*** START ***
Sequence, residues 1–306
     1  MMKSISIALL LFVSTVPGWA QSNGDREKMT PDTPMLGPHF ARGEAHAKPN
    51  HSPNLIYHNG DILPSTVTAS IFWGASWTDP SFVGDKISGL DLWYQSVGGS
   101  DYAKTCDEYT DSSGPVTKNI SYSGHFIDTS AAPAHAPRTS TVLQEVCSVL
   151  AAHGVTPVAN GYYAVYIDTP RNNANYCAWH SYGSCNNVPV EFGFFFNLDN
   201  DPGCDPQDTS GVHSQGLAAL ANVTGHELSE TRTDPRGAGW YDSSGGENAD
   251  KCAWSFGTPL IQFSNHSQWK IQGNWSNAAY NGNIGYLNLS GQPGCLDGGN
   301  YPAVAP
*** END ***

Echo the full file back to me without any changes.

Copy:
Sequence, residues 1–306
     1  MMKSISIALL LFVSTVPGWA QSNGDREKMT PDTPMLGPHF ARGEAHAKPN
    51  HSPNLIYHNG DILPSTVTAS IFWGASWTDP SFVGDKISGL DLWYQSVGGS
   101  DYAKTCDEYT DSSGPVTKNI SYSGHFIDTS AAPAHAPRTS TVLQEVCSVL
   151  AAHGVTPVAN GYYAVYIDTP RNNANYCAWH SYGSCNNVPV EFGFFFNLDN
   201  DPGCDPQDTS GVHSQGLAAL ANVTGHELSE TRTDPRGAGW YDSSGGENAD
   251  KCAWSFGTPL IQFSNHSQWK IQGNWSNAAY NGNIGYLNLS GQPGCLDGGN
   301  YPAVAP